You devour every last tidbit of postings on Facebook from your local farmers. You pick through their blogs for buzz words to store in your internal farm dictionary. You learn how they pollinate the squash blossoms, what is trendy for livestock feed and you read every Joel Salatin book three times (from air conditioned comfort). You watched the goats kid on the maternity cam and just wanted to jump in and help that last little one as she struggled to stand. Did you realize the temperature in that barn was 30 degrees and the wind was blowing through the cracks with a chill that would freeze ear wax?
I get it all the time, “we want to retire and have a little farm”. Do you really call that retirement? Up when the roosters decide you should awaken, putting in an 18 hour work day and falling into bed to be awaken in the wee hours by the dogs fending off a predator in the barnyard. You get really good at going back to sleep after an hour on coyote watch. How about raking out the chicken pen in the mid summer rainy season with a smell that would gag a maggot? There is something about the smell of chickens in the rainy season that you will never forget – not really one of those fond memories, either! Rates right up there with the dead rat that you just can’t find, that is getting you back in the afterlife by forcing your olfactory senses into shutdown mode.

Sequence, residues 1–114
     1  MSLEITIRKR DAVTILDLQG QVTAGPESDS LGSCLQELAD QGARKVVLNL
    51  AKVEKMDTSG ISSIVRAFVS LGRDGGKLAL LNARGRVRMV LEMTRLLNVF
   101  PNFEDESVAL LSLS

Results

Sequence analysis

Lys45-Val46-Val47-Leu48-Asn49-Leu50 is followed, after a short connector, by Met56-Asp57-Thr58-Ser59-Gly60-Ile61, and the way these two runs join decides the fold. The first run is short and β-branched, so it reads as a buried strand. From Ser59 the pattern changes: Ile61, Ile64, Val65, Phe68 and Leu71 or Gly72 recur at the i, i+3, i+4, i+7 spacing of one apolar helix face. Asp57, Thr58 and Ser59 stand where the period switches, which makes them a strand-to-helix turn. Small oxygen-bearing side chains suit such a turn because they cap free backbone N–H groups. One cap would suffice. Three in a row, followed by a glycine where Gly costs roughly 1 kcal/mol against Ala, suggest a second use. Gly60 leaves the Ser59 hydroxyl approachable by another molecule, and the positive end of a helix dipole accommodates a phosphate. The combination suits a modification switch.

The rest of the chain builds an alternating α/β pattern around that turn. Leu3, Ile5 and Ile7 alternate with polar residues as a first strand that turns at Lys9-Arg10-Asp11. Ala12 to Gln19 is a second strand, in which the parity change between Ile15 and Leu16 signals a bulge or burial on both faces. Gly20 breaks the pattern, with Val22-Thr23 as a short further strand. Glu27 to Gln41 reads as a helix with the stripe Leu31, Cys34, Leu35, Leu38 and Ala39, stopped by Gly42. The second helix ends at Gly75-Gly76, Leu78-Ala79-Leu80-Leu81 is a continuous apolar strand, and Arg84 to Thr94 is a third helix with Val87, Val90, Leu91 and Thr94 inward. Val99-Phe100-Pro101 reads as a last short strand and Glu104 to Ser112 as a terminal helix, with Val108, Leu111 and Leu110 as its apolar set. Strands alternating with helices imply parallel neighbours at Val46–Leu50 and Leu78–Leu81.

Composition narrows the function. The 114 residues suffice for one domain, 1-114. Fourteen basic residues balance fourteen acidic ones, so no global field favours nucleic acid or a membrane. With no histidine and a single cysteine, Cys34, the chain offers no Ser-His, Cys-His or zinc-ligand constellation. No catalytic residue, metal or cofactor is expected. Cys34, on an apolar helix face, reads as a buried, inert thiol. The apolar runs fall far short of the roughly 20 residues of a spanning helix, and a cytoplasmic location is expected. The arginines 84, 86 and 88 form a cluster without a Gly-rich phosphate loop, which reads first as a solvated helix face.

When hubby and I lost our jobs after 9/11, we thought turning our kids’ 4H project would be a really cool adventure. After all who doesn’t like to pet goats and drink milk? What part of cool did I miss April through October? We were one of those disillusioned “we want a farm in our retirement” type of people. As hubby’s debilitating arthritis took it’s toll and I inherited the farm duties, it became very clear that even though we were finding proficiency, perhaps we should have been more realistic about the labor end of the lifestyle. A hobby farm is a lot of work, but taking it to an occupational level changes the ball game completely. And who can afford a hobby farm with the price of feed and property taxes? I can sling hay with the best, birth triplet goat kids with the speed of a caprine midwife and necropsy a chicken on the picnic table but pay the price with aching muscles and callused hands to rival a steel worker.
After almost a decade of being the local farmer I can only hope to live to retirement one day – in about 10 years and I will be hitting 70. I have dreams of a secluded beach in Panama, living in a thatched shack with no goats, no horses, no dogs, no cats, not even a parrot to mock me. If I want an animal I will feed the seagulls! They can fend for themselves if I decide to sleep in one day. As I sit in my beach chair with my feet in the sand getting the suntan of my life, I want to order very fruity drinks (don’t skimp on the rum) with a festive umbrella adornment and write. I want to write those stories about all the adventures that have driven me to look forward to a retirement of doing nothing!